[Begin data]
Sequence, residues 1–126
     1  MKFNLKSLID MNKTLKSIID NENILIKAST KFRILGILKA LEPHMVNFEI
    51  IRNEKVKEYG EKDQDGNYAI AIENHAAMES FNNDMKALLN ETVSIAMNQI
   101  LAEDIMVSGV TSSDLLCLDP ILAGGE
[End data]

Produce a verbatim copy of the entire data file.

Sequence, residues 1–126
     1  MKFNLKSLID MNKTLKSIID NENILIKAST KFRILGILKA LEPHMVNFEI
    51  IRNEKVKEYG EKDQDGNYAI AIENHAAMES FNNDMKALLN ETVSIAMNQI
   101  LAEDIMVSGV TSSDLLCLDP ILAGGE